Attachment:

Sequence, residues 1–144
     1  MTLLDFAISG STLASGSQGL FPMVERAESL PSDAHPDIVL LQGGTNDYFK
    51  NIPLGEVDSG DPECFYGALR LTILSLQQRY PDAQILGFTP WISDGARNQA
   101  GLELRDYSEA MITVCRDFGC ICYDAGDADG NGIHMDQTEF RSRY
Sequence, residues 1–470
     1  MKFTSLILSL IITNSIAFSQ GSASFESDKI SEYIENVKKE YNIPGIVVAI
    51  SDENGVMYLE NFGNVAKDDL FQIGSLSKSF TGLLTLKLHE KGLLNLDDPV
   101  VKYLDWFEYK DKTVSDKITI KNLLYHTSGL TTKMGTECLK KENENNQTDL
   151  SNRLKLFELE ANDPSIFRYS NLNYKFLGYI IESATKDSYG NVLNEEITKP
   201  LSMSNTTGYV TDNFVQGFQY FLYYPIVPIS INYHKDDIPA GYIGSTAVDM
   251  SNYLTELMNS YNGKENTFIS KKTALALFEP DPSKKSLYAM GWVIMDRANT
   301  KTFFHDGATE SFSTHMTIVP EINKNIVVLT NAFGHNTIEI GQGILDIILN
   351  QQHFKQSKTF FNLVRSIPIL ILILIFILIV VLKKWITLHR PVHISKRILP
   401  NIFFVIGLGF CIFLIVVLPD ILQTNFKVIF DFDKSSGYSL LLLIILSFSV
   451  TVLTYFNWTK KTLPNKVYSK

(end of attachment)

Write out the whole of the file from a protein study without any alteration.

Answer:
Sequence, residues 1–144
     1  MTLLDFAISG STLASGSQGL FPMVERAESL PSDAHPDIVL LQGGTNDYFK
    51  NIPLGEVDSG DPECFYGALR LTILSLQQRY PDAQILGFTP WISDGARNQA
   101  GLELRDYSEA MITVCRDFGC ICYDAGDADG NGIHMDQTEF RSRY
Sequence, residues 1–470
     1  MKFTSLILSL IITNSIAFSQ GSASFESDKI SEYIENVKKE YNIPGIVVAI
    51  SDENGVMYLE NFGNVAKDDL FQIGSLSKSF TGLLTLKLHE KGLLNLDDPV
   101  VKYLDWFEYK DKTVSDKITI KNLLYHTSGL TTKMGTECLK KENENNQTDL
   151  SNRLKLFELE ANDPSIFRYS NLNYKFLGYI IESATKDSYG NVLNEEITKP
   201  LSMSNTTGYV TDNFVQGFQY FLYYPIVPIS INYHKDDIPA GYIGSTAVDM
   251  SNYLTELMNS YNGKENTFIS KKTALALFEP DPSKKSLYAM GWVIMDRANT
   301  KTFFHDGATE SFSTHMTIVP EINKNIVVLT NAFGHNTIEI GQGILDIILN
   351  QQHFKQSKTF FNLVRSIPIL ILILIFILIV VLKKWITLHR PVHISKRILP
   401  NIFFVIGLGF CIFLIVVLPD ILQTNFKVIF DFDKSSGYSL LLLIILSFSV
   451  TVLTYFNWTK KTLPNKVYSK